Posted May 12, 2015
When we are talking about American history, and someone says “Lincoln,” everyone flashes on the bearded-and-top-hatted President Abraham Lincoln. But in this case I am talking about Benjamin Lincoln, a Major General in the American army (in the American Revolutionary War).
And “Clinton” doesn't refer to former President Bill Clinton, nor to former Secretary of State Hilary Clinton, but instead Sir Henry Clinton, a Lieutenant General in the British army.
We're talking about this date in 1780, when Lincoln gave his unconditional surrender of his 5,000 troops, after a siege that had lasted more than a month. Clinton had used his army of 10,000 soldiers to surround Charleston, South Carolina, and therefore cut the population off from fresh food and other supplies.
This was considered the biggest American surrender of the war. However, the other two surrenders that Lincoln was associated with during the Revolutionary War were British surrenders to American forces:
Earlier in the war, Lincoln had helped ensure a British surrender after the Battles of Saratoga, and it was Lincoln who formally accepted the Big Surrender – the one that decided the war – when the British surrendered at Yorktown.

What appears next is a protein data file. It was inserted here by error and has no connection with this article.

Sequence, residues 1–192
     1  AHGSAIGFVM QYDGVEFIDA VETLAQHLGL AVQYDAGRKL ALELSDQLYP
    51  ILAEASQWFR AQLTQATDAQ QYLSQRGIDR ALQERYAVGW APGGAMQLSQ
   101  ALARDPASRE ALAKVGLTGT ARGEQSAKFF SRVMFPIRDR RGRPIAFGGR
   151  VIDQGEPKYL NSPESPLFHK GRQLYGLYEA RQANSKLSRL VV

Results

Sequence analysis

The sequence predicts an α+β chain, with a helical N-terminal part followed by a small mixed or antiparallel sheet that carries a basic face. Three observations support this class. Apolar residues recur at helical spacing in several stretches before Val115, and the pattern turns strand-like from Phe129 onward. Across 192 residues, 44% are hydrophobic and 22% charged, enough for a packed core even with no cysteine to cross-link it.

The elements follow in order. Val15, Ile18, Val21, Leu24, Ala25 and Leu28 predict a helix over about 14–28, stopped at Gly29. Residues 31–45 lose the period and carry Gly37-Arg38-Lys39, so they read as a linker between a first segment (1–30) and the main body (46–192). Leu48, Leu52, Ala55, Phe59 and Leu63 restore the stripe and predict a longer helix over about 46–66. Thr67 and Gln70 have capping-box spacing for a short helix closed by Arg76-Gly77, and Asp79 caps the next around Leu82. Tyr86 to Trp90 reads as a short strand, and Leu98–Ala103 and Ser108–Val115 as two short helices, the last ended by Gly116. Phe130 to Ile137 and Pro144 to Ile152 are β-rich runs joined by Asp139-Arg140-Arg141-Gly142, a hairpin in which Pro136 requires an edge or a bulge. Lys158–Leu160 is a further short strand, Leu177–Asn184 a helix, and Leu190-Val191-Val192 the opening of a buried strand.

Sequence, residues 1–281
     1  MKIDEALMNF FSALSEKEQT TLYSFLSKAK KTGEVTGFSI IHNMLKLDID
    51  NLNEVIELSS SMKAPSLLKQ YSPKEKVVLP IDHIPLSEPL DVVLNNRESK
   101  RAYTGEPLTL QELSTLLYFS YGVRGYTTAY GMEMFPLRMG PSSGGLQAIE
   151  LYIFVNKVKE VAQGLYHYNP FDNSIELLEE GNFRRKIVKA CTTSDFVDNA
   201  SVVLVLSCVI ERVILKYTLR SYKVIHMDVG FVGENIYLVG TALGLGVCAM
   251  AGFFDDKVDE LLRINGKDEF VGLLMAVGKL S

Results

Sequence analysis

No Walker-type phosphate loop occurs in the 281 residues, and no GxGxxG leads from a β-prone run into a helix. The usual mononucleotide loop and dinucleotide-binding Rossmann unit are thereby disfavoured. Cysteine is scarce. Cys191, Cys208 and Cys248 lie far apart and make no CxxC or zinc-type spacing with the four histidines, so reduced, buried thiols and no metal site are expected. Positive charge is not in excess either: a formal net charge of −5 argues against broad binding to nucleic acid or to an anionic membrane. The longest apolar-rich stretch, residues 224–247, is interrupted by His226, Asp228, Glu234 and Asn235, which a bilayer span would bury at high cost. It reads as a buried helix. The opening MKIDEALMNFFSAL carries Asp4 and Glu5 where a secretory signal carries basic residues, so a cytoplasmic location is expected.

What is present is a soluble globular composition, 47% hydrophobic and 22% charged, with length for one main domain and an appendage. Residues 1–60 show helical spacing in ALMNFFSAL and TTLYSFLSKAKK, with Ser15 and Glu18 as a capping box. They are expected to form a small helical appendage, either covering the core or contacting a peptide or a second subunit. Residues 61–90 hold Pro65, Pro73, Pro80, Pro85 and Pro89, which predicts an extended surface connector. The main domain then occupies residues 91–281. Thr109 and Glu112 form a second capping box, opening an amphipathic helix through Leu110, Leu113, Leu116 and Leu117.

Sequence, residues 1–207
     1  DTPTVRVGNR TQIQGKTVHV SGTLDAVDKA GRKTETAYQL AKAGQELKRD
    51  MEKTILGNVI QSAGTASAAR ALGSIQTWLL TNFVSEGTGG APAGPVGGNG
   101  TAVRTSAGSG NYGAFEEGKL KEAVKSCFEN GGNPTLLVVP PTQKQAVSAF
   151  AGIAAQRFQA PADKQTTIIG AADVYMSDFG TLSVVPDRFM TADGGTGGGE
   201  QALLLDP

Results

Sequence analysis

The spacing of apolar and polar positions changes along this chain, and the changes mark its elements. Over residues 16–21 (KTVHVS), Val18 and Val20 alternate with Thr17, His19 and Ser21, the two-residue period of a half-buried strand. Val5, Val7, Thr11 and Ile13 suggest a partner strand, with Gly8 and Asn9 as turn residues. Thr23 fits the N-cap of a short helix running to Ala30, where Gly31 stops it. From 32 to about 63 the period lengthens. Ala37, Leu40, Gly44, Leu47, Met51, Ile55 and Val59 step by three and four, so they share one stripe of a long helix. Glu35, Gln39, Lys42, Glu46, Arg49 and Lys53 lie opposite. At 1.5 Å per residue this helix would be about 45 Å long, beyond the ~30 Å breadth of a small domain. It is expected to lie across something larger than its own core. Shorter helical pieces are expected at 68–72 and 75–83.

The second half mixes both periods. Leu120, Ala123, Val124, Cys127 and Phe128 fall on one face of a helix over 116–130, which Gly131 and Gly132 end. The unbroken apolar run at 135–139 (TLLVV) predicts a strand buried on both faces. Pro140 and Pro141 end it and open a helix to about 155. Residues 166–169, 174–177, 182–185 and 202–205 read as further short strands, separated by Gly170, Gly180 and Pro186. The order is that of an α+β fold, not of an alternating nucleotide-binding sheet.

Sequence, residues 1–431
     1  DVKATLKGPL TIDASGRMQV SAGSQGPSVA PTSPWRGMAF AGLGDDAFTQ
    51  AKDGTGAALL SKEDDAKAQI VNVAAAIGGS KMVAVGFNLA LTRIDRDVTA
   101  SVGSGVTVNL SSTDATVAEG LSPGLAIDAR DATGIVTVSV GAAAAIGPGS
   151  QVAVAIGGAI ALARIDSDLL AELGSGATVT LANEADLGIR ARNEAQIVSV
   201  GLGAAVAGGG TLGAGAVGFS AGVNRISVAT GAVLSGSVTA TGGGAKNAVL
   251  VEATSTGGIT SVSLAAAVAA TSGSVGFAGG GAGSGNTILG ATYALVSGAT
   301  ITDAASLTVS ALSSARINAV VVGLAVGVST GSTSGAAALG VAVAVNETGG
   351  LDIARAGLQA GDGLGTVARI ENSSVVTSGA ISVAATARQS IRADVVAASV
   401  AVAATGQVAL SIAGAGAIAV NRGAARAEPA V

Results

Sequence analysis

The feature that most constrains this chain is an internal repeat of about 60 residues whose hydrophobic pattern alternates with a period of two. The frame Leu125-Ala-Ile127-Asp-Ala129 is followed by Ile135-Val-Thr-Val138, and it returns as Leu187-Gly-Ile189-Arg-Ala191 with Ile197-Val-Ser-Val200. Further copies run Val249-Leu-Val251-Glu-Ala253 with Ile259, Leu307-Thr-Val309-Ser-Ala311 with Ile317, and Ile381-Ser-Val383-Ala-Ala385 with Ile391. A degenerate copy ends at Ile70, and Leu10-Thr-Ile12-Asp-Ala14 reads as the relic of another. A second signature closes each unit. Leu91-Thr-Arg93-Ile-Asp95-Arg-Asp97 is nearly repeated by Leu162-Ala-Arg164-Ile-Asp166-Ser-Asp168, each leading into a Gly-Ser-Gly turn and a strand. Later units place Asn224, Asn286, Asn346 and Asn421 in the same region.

It turns out that, by the end of the war, Lincoln was second in command under George Washington. And when the defeated British general, Lord Cornwallis, decided to skip the ceremony of surrender—he claimed he was sick—Cornwallis sent his second in command, Brigadier General Charles O'Hara. O'Hara did the traditional thing, presenting “the sword of surrender.” But he didn't offer it to George Washington, he offered it to the Compte de Rochambeau, who was the head of French troops who fought on the Americans' side. Rochambeau shook his head and pointed to Washington. But when O'Hara presented the sword to Washington, he too refused to accept it; he motioned to Benjamin Lincoln, who had been humiliated by the British during the Charleston surrender, to accept it.
I'm thinking that Washington was at least partly motivated by a desire to make Lincoln feel better about the events of today's anniversary?
Anyway, the next time you hear someone casually mention “Washington and Lincoln,” in one breath, take a moment to wonder if that is Abe or Benjamin Lincoln!
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